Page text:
Aachen – Aix-la-Chapelle – prides itself on being the quintessential European town, but not simply because it is situated right in the middle of the continent, in Germany, a stone’s throw from the borders to the Netherlands and Belgium. Back in their days the Romans were drawn to Aachen because of its thermal springs and spas. But it is the King of the Franks, Charlemagne, or Charles the Great (c.742-814), his legacy and the legends surrounding him, which put Aachen at the centre of European history.
Aix-la-Chapelle, as the town is called in French, was the royal estate and home base of the vast Carolingian empire and its great ruler. Uniting most of western Europe for the first time since the Roman Empire, Charlemagne is also called “pater Europea“, Father of Europe. Crowned Emperor of the Roman Empire in 800 AD and with close ties to the pope, his dream was to create a “new Rome” north of the Alps. The construction of a chapel, now the octagonal inner part of Aachen Cathedral, began in the late 8th century. From the mid 10th well into the 17th century, the cathedral was the Coronation Church for a succession of 30 German kings.
Centre & Route Charlemagne
Located on the former Palace Courtyard between the Cathedral and the Town Hall, is the Centre Charlemagne – the New City Museum of Aachen – a modern venue and the hub of series of stops on the Route Charlemagne in Aachen. The central figure of the Centre is obviously the Carolingian ruler himself. At the centre visitors can also learn about the settlement at the hot springs in Aachen in Roman times, the building of Charlemagne’s St. Mary’s Church and his Palace, Aachen as the City of Coronation, its Baroque spa resort period as well as Aachen’s more recent history and transformation into a modern town.
The following places, each with its own theme, are included on Route Charlemagne:
- Centre Charlemagne
- Town Hall
- Aachen Cathedral and the Cathedral Treasury
- International Newspaper Museum (media)
- Grashaus (Europe)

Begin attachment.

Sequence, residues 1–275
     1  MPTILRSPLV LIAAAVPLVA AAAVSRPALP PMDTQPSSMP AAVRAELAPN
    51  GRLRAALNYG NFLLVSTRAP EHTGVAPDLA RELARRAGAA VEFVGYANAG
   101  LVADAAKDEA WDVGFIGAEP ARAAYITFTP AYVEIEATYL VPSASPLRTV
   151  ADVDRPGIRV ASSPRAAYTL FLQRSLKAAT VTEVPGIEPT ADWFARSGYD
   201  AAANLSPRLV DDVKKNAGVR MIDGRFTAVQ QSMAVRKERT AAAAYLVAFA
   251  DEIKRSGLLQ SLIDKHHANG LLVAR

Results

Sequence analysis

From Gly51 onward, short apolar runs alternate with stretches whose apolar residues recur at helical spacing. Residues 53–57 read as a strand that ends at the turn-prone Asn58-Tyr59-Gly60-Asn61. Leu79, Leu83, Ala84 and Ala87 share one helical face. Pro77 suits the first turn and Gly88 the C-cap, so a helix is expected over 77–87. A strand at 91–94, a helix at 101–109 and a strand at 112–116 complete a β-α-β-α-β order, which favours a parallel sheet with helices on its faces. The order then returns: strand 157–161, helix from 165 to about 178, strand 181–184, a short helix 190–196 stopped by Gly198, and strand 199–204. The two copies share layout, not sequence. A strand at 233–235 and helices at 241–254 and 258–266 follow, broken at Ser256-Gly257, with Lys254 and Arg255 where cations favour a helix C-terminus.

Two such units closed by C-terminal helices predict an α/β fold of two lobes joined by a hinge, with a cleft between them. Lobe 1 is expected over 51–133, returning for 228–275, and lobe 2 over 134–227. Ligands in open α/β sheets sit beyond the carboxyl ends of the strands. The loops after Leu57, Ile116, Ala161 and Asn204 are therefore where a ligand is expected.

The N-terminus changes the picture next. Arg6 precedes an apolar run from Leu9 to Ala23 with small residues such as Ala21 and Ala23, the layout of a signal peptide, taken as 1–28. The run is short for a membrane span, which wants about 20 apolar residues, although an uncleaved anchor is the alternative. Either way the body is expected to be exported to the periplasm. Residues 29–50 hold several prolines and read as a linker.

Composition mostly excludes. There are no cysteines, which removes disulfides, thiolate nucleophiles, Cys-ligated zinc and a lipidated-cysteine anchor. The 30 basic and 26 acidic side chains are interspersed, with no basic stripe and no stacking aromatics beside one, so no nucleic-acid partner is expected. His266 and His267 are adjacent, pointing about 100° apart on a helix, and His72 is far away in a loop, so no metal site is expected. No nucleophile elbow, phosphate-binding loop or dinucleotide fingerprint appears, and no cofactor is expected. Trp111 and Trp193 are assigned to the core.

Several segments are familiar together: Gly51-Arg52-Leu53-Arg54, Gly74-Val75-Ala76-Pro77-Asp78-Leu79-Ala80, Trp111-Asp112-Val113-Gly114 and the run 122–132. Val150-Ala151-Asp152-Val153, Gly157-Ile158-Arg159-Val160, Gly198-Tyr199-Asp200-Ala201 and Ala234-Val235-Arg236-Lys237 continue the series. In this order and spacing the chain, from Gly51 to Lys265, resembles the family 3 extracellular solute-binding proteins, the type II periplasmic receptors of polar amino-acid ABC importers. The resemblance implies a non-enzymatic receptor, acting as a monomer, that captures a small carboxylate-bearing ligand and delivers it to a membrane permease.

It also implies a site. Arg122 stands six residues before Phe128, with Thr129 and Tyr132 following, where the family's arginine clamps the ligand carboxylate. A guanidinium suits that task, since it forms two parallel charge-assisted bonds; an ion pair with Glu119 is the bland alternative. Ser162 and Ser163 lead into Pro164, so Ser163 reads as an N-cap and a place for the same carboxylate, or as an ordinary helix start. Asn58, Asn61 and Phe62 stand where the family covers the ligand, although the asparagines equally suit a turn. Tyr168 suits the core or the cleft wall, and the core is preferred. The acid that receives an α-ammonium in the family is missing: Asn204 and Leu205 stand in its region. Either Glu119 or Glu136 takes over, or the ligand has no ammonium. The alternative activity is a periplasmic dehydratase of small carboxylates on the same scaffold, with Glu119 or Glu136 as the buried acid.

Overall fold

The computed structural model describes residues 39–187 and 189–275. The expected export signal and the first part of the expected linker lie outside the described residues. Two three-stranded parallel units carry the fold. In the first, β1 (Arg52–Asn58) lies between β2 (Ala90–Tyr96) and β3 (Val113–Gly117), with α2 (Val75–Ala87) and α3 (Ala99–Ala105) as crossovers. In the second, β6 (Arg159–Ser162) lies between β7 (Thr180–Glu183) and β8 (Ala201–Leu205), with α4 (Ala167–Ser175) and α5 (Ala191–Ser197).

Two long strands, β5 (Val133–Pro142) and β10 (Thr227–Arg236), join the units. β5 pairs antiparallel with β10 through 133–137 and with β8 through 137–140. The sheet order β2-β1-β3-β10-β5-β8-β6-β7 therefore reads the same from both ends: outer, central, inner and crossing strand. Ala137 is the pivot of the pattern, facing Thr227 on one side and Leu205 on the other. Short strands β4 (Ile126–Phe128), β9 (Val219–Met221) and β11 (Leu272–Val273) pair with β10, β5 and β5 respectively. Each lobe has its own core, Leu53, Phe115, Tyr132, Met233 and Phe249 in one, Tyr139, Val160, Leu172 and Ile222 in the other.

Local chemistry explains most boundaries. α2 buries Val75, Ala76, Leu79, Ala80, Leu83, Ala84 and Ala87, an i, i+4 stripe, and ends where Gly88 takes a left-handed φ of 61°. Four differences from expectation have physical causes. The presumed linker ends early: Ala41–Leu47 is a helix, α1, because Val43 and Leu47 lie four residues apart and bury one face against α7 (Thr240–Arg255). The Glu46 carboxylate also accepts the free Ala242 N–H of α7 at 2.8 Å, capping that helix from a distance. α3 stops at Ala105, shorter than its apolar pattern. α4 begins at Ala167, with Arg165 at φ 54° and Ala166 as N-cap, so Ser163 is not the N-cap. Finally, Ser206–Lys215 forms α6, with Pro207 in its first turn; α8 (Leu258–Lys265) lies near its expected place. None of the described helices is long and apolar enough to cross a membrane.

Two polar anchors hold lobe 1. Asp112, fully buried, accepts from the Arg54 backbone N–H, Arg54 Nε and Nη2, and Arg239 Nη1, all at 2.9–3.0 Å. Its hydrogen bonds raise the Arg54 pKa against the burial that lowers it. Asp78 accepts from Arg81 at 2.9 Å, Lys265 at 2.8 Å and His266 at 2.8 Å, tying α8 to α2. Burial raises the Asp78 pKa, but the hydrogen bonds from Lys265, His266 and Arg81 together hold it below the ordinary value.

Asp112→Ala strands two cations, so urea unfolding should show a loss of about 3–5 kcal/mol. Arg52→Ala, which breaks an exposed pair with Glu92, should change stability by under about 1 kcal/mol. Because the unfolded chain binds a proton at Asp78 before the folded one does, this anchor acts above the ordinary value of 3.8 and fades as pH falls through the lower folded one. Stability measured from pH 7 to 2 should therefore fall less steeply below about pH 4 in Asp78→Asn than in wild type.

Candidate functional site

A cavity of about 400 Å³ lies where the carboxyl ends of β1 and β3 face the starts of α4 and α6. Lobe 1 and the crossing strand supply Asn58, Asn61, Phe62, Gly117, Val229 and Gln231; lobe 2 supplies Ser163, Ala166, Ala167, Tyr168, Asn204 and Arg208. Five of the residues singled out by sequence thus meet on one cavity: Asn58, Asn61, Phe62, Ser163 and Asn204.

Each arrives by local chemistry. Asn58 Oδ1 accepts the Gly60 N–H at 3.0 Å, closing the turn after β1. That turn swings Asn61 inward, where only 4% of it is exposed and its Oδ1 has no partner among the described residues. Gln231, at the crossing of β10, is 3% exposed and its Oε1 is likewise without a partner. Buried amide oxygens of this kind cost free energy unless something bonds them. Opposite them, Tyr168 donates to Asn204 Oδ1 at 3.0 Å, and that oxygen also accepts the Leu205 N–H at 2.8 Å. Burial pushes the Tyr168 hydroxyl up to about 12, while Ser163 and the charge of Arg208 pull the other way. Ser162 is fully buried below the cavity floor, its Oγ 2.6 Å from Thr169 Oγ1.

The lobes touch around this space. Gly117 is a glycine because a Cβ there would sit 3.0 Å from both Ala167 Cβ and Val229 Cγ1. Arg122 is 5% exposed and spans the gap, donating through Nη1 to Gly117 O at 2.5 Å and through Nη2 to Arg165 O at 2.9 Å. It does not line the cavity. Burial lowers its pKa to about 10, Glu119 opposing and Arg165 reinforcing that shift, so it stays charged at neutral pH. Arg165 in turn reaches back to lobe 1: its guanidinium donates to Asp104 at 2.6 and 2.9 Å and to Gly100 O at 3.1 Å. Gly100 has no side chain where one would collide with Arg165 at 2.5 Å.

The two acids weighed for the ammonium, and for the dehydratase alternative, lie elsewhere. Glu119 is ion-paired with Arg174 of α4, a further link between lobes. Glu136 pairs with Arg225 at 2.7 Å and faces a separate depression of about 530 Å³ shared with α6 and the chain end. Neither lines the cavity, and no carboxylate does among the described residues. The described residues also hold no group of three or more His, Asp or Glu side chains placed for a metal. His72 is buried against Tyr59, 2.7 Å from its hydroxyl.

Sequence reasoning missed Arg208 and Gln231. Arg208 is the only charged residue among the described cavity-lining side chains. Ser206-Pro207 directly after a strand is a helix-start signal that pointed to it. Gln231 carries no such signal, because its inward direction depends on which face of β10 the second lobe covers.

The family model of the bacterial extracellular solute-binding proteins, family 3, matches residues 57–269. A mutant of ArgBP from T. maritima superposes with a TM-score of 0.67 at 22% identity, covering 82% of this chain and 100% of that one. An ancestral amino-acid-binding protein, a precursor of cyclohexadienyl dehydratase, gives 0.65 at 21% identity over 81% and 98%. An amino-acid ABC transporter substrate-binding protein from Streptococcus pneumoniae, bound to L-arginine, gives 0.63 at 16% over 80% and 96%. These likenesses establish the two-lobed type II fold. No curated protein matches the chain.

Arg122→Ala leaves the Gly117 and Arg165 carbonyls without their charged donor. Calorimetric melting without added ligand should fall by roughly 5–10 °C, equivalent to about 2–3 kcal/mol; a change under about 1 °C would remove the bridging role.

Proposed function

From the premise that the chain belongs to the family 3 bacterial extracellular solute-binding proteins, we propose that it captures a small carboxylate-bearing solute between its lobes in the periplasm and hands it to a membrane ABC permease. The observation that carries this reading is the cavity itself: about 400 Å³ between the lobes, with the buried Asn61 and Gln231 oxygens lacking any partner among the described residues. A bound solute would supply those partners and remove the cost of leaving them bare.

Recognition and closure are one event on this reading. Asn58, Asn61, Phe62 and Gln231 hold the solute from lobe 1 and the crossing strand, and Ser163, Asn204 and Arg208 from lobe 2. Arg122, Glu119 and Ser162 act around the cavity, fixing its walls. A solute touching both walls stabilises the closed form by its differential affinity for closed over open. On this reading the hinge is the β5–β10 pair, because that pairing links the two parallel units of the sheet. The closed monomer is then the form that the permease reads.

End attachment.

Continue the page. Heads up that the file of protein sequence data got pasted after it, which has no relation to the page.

- Super C (science, Aachen University bldg)
- Couven-Museum (economy)
- Elisenbrunnen (starting point of Aachen’s history, its hot springs)
Aachen Cathedral – first German World Heritage site
Charlemagne commissioned the building of a new church inspired by the Byzantine part of the Holy Roman Empire around 790 AD. The original two-storey structure is a rotunda with eight sides (octagon) encircled by a sixteen-sided outer structure. The floor plan and design of the Basilica of San Vitale in Ravenna, Italy (6th century AD) is said to be one of its main inspirations.
Since his time, the original Palatine Chapel dedicated to St. Mary has been extended by a Gothic Choir and Sanctuary, a Neo-Gothic tower and a cluster of smaller extensions.
Aachen Cathedral was one of the first twelve sites in the world – the very first in Germany – to be inscribed on the World Heritage list in its initial year 1978. Aachen Cathedral is enlisted because of its outstanding historical, artistic and architectural importance.
The elegant stained glass windows of the choir are a record 25.6 metres high. The glass art works were made between 1949 and 1951. The mosaic art work on the vault of the octagon dates from the 1880s, while the marble and mosaics on the surfaces in the rest of the octagon and the 16-sided ambulatory were made between 1901 and 1913.
Only a few remnants of the original coloured marble floor and column decorations have survived to this day.
All photos by Asgeir Pedersen, IN Editions
This is a revised version of the article, first published 14 June 2016.